Obviously this isn’t a two-horse race. The reigning 2000 Guineas- and St James’s Palace Stakes champ Poetic Flare is here too and is considered the short-priced favourite for the Sussex Stakes. Given his tremendously impressive CV there is every reason for him to be a key player today.

It was impossible not to be impressed by what he did at Royal Ascot. Some doubts where creeping in after two lower performances in the Irish & French Guineas, albeit he was beaten by exceptional opposition. Poetic Flare was back to his very best slaughtering a strong field in the St James’s Palace Stakes.

However, what is clear now is the fact that Poetic Flare enjoys fast ground and probably needs it to be seen at his best. He’ll handle anything soft but is not at his brilliant best in those type of conditions.

He will have to be at his very best today, I reckon. That is because the aforementioned Snow Lantern and Alcohol Free are improving all the time and can close the gap on Official Ratings with the help of ground they handle a lot better than Poetic Flare.

The evidence is in the book: Alcohol Free was a superb winner of the Coronation Stakes at Royal Ascot in heavy conditions. She has been on an upward curve ever since the start of this season, kicking off her campaign with success in the the Fred Darling Stakes, after that she wasn’t disgraced as fifth in the 1000 Guineas, and then her big day came at Royal Ascot where she beat smart rivals like Guineas winner Mother Earth and Snow Lantern.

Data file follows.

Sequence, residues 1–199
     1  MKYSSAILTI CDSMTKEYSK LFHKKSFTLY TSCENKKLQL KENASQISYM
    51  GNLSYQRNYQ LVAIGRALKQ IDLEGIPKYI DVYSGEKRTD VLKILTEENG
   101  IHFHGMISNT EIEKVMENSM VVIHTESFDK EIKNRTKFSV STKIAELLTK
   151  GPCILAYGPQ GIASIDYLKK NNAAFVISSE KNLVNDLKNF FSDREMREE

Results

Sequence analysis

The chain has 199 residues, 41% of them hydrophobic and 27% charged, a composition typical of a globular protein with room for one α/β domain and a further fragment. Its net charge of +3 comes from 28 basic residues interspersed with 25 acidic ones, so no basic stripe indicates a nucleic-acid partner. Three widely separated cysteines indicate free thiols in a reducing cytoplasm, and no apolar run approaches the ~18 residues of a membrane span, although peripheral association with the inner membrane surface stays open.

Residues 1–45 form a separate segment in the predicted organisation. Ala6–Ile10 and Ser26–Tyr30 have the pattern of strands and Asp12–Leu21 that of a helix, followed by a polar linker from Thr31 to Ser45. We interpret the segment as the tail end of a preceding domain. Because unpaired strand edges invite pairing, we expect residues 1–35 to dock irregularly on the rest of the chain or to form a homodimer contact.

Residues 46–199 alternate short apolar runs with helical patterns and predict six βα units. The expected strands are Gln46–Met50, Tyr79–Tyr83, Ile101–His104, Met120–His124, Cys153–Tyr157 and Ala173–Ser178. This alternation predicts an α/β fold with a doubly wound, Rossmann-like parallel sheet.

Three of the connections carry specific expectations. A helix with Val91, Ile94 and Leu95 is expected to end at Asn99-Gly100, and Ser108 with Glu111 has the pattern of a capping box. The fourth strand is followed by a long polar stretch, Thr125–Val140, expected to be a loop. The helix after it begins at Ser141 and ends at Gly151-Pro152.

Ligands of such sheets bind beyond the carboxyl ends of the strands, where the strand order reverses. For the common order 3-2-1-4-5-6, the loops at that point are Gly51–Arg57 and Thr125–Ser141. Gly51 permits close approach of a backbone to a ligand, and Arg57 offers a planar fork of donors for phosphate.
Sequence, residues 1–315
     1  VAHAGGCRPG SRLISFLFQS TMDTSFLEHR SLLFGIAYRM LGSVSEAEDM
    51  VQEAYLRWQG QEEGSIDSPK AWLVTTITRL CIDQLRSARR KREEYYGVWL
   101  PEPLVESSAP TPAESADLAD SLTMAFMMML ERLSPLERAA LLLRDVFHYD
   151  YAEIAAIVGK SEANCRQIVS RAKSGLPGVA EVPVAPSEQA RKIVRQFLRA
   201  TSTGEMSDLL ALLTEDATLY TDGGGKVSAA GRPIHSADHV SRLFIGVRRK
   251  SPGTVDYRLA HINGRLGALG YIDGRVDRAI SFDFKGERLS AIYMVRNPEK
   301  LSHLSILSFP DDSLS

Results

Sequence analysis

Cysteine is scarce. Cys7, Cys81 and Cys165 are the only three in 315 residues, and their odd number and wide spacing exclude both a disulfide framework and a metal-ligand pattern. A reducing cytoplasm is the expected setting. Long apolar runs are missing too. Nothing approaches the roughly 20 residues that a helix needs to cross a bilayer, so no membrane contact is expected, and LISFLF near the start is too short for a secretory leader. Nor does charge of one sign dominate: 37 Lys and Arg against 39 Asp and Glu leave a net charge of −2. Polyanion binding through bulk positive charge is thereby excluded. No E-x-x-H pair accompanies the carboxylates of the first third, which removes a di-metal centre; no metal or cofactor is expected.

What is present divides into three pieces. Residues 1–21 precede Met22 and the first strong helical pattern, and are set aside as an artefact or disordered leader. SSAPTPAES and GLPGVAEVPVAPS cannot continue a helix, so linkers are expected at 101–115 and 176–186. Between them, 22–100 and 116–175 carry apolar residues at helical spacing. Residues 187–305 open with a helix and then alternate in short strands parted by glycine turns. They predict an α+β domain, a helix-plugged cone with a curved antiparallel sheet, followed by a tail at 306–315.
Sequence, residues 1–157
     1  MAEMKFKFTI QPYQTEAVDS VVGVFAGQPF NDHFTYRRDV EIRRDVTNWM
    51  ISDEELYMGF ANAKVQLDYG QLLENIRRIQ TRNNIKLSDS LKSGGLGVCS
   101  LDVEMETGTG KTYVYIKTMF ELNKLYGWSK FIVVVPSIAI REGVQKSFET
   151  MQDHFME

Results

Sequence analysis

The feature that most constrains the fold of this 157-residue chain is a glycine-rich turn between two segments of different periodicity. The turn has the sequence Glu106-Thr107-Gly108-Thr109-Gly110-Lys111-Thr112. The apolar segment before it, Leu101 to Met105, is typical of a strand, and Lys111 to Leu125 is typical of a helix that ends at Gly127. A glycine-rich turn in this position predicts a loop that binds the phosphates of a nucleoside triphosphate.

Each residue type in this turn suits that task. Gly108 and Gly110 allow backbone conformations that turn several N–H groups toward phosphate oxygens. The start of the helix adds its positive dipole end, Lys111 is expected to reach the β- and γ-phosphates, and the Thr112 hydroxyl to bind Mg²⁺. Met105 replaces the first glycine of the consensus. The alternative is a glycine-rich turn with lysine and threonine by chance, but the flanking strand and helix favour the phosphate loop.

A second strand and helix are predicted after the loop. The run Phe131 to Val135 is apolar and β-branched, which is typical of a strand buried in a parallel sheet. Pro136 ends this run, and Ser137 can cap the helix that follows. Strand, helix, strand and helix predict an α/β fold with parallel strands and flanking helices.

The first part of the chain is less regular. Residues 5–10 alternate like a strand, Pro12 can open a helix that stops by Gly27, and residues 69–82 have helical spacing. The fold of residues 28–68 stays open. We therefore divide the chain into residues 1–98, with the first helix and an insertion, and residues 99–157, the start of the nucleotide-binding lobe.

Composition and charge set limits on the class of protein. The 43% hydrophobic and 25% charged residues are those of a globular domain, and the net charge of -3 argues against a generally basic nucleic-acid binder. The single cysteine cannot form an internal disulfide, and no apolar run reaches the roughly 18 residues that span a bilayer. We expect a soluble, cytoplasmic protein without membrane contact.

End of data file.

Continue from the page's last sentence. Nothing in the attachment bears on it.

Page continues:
She followed up with another strong performance in the Falmouth Stakes at Newmarket three weeks ago, where she went down only in the dying stride to Mother Earth and the fast finishing Snow Lantern.

Snow Lantern was arguably the unlucky one in the Coronation Stakes. Her path blocked at a crucial stage, she stayed on in eye-catching fashion. For a moment or two it seemed to be the same story at Newmarket, only this time she got out in time and ran down the leaders in a dramatic finish.

She is still lightly raced with only a handful of runs under her belt while improving with every run as the season progresses. This is crucial now that she goes against older horses as this time of the year is where the WFA allowance can be a major advantage.

There is little between Snow Lantern and Alcohol Free on any conceivable measure and both fillies continue to improve. It could come down to tactics: Alcohol Free is less complicated in the way she can be ridden. Snow Lantern needs to be ridden patiently and we saw this can be a problem. Thankfully Goodwood lends itself to hold-up tactics.